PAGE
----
Your prospects want to be fixed now or they can call 4 other contractors. If they used Angie’s List or other online lead generator, it’s nearly a footrace to get the job. Quality is a “concept;” price is “relative;” speed is an absolute.

So, how do you portray and increase your convenience to and for customers? A few suggestions.

4 Ways to Raise Your Price and Image with Convenience

1. Be Consistent.  Any non-integrated plan today is begging for brand and lead dilution. We see it all the time: A company has a nice website, which bears no resemblance to their manufacturer-supplied print ads, and is incongruent with their “Buy Now!” radio ads. In today’s fractured media world, inconsistency of message kills results.

Advised: Pick one theme, one look, and for each promotion, one message. Pound that in across the media and watch the results. These are called sister promotions and you’re advised to use this approach in all of your marketing. This is a shift partly due to a) an overly distracted public, b) additional media choices and c) short-term memory and focus loss. This is not theory.

2. Be transparent. Request and display your reviews. (Even if your “average” is 4 stars out of 5, it shows credibility.) Show your testimonials. Display any awards, memberships, any charities in which you’re involved. Rate your Service Window Success, such as “94% of our service calls handled within 24 hours.”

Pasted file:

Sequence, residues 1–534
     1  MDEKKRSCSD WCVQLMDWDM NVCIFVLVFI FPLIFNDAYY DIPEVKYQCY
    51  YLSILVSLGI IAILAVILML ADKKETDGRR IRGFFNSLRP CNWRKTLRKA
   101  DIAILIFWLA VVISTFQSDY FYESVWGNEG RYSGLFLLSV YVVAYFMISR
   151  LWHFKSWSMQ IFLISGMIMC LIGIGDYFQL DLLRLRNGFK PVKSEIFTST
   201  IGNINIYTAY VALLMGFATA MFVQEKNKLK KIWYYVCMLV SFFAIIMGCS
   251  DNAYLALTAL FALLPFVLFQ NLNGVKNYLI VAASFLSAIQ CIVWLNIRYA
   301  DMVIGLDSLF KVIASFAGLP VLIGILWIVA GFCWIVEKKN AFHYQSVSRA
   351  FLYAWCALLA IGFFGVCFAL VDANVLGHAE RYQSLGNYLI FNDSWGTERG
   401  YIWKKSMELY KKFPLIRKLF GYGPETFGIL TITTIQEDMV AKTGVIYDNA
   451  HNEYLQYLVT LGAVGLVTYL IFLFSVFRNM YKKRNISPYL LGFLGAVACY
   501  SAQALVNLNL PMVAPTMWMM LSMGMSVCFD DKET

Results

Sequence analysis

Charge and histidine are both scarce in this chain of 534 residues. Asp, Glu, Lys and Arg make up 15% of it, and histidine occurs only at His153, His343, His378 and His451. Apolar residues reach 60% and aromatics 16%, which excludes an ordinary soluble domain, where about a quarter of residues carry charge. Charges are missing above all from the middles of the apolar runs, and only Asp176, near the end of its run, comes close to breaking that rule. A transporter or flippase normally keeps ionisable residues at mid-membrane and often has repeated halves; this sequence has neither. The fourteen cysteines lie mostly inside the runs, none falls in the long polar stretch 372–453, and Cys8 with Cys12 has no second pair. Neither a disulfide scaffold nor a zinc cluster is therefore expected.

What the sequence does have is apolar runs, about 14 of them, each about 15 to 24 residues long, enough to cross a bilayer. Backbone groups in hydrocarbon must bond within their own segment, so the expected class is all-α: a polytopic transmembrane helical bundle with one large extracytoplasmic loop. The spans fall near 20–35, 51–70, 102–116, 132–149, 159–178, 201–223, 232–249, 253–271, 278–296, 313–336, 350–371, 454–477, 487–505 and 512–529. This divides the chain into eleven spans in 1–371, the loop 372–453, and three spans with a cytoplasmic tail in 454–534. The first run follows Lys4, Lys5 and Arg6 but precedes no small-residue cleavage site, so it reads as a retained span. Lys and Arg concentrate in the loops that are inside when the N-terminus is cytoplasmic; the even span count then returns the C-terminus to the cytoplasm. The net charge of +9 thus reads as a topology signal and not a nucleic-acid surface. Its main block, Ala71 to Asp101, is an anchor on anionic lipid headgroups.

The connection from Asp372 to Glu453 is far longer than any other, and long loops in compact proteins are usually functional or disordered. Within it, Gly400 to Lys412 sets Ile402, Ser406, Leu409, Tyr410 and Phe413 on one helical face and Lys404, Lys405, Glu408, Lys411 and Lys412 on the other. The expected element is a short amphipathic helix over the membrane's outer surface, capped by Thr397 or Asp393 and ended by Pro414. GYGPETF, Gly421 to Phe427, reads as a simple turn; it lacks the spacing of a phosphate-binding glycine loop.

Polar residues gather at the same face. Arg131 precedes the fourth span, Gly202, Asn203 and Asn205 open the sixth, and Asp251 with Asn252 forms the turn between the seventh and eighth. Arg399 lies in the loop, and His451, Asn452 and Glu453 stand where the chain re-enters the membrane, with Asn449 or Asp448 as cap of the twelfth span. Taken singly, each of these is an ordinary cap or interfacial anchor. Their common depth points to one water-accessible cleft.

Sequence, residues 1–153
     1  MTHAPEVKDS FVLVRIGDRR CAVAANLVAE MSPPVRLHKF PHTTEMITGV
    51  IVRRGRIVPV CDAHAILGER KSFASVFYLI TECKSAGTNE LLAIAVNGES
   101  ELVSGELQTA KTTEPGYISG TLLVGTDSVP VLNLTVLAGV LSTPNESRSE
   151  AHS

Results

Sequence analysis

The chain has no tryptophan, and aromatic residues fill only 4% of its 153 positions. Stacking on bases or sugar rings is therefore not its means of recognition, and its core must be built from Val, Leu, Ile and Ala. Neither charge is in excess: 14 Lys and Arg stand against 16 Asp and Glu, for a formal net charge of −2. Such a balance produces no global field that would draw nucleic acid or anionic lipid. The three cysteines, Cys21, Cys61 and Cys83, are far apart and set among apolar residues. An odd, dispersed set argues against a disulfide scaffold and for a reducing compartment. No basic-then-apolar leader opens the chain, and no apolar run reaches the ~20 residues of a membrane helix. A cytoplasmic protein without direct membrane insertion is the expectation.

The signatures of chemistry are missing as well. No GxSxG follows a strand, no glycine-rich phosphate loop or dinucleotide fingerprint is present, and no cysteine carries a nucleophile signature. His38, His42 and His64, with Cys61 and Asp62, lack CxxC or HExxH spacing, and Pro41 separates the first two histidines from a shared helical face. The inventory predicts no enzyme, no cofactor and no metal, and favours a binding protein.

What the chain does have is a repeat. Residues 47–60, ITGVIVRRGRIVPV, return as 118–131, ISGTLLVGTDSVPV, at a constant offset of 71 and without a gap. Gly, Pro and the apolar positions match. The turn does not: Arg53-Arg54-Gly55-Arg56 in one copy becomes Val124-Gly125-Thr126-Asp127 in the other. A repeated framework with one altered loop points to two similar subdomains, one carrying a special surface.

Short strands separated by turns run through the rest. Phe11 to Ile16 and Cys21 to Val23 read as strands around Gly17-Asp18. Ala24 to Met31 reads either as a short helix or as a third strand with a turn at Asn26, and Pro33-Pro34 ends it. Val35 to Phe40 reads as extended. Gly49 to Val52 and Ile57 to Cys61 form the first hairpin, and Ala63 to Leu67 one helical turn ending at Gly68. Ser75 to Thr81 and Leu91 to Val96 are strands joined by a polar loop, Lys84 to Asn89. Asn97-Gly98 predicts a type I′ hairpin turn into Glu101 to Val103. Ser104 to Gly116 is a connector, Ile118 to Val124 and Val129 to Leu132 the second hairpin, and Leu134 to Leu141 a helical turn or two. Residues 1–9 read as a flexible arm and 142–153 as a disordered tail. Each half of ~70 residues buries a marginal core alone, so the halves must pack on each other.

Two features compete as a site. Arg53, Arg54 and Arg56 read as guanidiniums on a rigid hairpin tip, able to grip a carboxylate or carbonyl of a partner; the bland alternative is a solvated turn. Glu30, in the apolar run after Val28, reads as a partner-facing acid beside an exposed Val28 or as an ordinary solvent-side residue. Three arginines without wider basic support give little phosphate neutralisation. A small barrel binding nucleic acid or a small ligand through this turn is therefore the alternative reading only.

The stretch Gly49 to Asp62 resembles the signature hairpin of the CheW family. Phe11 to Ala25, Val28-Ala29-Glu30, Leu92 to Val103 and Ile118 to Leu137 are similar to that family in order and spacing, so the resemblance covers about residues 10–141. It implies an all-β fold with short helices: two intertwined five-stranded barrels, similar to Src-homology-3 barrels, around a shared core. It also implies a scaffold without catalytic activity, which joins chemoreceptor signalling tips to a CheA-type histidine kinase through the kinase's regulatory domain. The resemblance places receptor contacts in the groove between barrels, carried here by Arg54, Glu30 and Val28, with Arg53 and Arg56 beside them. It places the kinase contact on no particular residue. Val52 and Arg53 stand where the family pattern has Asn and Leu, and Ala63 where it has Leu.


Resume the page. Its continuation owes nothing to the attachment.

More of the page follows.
3. Prove and Guarantee. Basically, your proof must be overwhelming, and the guarantee supports that proof. Everybody says something like, “We’re fast and reliable!” but the modern method must be more forceful. “If we don’t make our time appointment window, we’ll give you a $50 Gift Certificate.” (A discount on service.) That reeks of convenience. Everyone says, “We help you save energy!” but now you must prove and guarantee with “If our system doesn’t save you 26% in energy from last year to this year, we’ll refund you the difference.”

4. Follow Up. Nearly every successful online retailer has found that a discount certificate offered within 72 hours of purchase has nearly a 1 in 4 chance of being redeemed. You are making it convenient to do business with you. Every service or installation should be followed up similarly. A move to a maintenance agreement following service. A “better” filtration option, an “upgrade” to a warranty, basically an incremental sales bump immediately post sale shows you’re willing to deepen the relationship, raise the convenience.

For all the above, these can be displayed on your website, in your marketing copy, in local listings, on your service vehicles, in your taglines, on invoices, and during follow-ups. As you make yourself more convenient, you automatically make yourself more valuable. This means price resistance and competitive pressures ease.

I greatly encourage you to seek ways to build convenience into your marketing, pricing, and selling strategy.

Adams Hudson
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Posted In: Building Performance, Sales & Marketing